Meanwhile, one reliability factor sought for inkjet print heads is the suppression of dust or other foreign matter infiltrating the nozzles. The cause of dust or foreign matter infiltration is thought to be the contamination of the insides of nozzles by dust or foreign matter during the print head manufacturing process, or by dust or foreign matter being sent together with ink and thereby infiltrating the nozzles.

In order to prevent such infiltration of dust or foreign matter into the nozzles, the provision of a filter onto an inkjet print head has been disclosed.

FIG. 6 is a plan view illustrating an inkjet print head substrate of the related art. Two rows of heaters 6 are disposed along the lengthwise direction of the ink supply port 2. Electrical conducting layers 7 are disposed symmetrically with the heater rows with respect to the ink supply port. A plurality of filter pores 8 are formed on the ink supply port 2.

As one method for manufacturing such a print head, technology has been disclosed wherein, on the substrate surface where the heaters are provided, a resistive material layer is provided at the time of etching the ink supply port, and then a plurality of pores in the resistive material layer are provided, thereby forming a filter and an ink supply port at the same time. (see U.S. Pat. No. 6,264,309, for example). In addition, technology has been disclosed wherein, at the time of forming an ink supply port on a silicon substrate, side etching is used to simultaneously form a membrane filter through an etching-resistant mask applied to the surface opposite to the surface where the heaters are provided (see Japanese Patent Laid-Open No. 2000-094700, for example). Furthermore, technology has been disclosed wherein a membrane filter is provided on the ink supply port portion on the same side of the silicon substrate where the heaters are provided (see Japanese Patent Laid-Open No. 2005-178364, for example).

Meanwhile, in recent inkjet printing apparatus, while droplet sizes of ejected ink are being decreased in order to obtain high-quality images, increased printing speed is also sought. Furthermore, as the printing speed increases, the effects of flow resistance caused by the filter pores become an object of concern.

In order to realize increased printing speed, a sufficient ink flow volume to each bubble chamber must be secured by increasing the surface area of the ink supply port. However, the surface area of the substrate also increases as a result of increasing the surface area of the ink supply port, which leads to higher costs.

One means for holding enlargement of the substrate surface area in check while also securing ink flow volume sufficient to realize high-speed printing involves increasing the filter diameter, while lowering the flow resistance of the membrane portion. However, if the filter diameter is increased, then the mechanical strength of the membrane filter itself decreases. For this reason, the filter may tear, and as a result, yield decreases.

SUMMARY OF THE INVENTION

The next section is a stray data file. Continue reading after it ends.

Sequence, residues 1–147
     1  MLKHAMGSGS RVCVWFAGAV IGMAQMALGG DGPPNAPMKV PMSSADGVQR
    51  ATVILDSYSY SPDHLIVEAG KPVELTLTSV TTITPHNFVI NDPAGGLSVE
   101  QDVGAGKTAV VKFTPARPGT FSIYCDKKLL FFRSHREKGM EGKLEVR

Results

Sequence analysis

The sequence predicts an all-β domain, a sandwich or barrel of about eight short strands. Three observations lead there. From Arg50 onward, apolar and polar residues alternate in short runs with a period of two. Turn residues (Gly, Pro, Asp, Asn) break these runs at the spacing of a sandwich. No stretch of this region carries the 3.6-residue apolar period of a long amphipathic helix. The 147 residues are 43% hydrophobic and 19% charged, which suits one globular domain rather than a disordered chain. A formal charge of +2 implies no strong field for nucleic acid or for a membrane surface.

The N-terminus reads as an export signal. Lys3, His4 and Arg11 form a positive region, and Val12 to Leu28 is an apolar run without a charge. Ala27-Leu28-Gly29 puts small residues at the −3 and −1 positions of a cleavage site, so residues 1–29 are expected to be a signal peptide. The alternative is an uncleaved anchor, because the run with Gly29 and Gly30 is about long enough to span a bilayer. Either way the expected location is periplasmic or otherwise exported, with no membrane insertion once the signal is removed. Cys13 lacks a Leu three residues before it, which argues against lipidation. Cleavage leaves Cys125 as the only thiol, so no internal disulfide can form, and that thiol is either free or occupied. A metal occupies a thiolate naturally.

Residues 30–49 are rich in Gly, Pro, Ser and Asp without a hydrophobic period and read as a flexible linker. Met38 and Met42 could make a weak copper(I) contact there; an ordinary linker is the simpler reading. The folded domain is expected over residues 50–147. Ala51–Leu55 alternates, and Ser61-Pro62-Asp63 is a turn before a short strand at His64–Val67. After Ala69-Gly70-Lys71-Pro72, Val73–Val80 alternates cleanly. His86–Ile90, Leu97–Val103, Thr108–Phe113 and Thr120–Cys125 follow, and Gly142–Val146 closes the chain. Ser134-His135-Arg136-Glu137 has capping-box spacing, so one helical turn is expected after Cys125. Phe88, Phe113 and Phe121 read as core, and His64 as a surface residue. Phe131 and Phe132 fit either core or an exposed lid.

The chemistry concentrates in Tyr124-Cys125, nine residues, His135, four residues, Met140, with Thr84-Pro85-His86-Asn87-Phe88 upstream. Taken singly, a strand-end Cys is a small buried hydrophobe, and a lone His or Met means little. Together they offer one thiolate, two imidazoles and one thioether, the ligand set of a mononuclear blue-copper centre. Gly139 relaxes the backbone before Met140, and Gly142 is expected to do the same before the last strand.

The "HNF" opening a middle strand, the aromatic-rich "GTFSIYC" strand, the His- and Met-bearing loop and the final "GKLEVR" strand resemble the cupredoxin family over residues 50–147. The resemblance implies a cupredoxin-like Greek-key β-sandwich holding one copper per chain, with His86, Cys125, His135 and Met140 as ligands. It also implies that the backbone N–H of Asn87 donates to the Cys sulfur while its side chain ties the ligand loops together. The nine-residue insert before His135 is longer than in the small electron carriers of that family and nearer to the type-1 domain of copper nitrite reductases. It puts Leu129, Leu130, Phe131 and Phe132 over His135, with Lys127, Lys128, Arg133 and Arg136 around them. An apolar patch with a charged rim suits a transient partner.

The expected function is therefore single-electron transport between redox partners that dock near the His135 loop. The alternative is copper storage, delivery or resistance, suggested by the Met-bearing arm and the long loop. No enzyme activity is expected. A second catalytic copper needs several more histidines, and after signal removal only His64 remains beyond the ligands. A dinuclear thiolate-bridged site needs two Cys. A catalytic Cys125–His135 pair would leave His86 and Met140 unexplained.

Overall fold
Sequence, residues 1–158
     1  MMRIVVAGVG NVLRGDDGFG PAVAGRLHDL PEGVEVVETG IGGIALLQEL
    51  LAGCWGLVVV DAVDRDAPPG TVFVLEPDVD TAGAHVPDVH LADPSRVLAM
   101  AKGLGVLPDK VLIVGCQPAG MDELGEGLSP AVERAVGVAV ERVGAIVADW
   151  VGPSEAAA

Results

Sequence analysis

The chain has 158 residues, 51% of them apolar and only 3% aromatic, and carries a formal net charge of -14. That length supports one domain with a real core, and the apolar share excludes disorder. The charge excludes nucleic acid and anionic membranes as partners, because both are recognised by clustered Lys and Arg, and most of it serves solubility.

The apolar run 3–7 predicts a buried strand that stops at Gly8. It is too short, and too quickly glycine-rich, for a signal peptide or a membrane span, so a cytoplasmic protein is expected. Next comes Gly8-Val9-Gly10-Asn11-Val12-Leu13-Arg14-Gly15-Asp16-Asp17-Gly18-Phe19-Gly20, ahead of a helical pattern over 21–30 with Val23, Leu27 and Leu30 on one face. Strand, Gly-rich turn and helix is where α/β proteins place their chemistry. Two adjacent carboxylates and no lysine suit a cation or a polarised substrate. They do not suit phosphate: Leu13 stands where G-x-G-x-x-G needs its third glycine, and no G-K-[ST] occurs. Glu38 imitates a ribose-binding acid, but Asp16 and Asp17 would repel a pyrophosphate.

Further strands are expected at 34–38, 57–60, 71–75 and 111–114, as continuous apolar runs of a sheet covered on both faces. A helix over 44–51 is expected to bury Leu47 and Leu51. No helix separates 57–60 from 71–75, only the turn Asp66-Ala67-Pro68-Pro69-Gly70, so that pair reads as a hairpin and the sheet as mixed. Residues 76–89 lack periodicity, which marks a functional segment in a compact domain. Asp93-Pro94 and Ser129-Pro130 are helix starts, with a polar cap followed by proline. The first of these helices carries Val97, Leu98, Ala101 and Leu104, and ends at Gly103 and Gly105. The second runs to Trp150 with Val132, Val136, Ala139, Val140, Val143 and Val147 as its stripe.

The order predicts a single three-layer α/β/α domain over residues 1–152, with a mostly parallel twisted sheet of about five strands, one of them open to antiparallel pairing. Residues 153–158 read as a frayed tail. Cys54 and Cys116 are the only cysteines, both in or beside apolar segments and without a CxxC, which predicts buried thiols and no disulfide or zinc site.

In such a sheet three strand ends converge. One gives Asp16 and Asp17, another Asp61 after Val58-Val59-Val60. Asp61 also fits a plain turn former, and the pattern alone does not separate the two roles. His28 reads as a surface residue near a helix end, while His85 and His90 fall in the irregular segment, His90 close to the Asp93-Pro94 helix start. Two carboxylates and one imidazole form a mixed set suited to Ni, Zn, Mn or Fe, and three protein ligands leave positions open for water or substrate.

The present invention was made in consideration of the circumstances described above. It is an object of the present invention to provide a print head reduced in size and able to perform high-image-quality, high-speed printing.

A liquid ejecting head in accordance with an embodiment of the present invention that achieves the above object is provided with: a substrate, having elements that generate energy used to eject liquid from ejection openings, and provided with a liquid supply port that communicates with a surface of the substrate having the elements and an opposite surface thereof; a member, provided above the surface of the substrate, and having walls of a liquid flow path that communicate with ejection openings and the supply port; an insulating layer, provided so as to cover the supply port, and provided with a plurality of through-holes; and a conducting layer electrically coupled to the elements, and provided within the insulating layer so as to be insulated with respect to the liquid.

According to the above configuration, enlargement of the surface area of an inkjet print head is held in check, thereby allowing the inkjet print head to be made more compact, while also improving the reliability of the inkjet print head due to improved filter mechanical strength.

Further features of the present invention will become apparent from the following description of exemplary embodiments (with reference to the attached drawings).

BRIEF DESCRIPTION OF THE DRAWINGS

FIG. 1 is a perspective diagram schematically illustrating a cutaway view of a print head in accordance with an embodiment of the present invention;

FIGS. 2A and 2B are plan views illustrating an inkjet print head in accordance with an embodiment of the present invention;

FIG. 3 is a cross-section diagram of the inkjet print head shown in FIG. 1, taken along the line III-III;

FIGS. 4A to 4D are schematic cross-section diagrams illustrating steps in a process for manufacturing a print head in accordance with an embodiment of the present invention;

FIGS. 5A to 5E are schematic cross-section diagrams illustrating steps in a process for manufacturing a print head in accordance with an embodiment of the present invention;

FIG. 6 is a plan view illustrating an inkjet print head of the related art;

FIG. 7A is an enlarged view of the portion labeled 30 in FIG. 6; and

FIG. 7B is an enlarged view of the portion labeled 31 in FIG. 2A.

DESCRIPTION OF THE EMBODIMENTS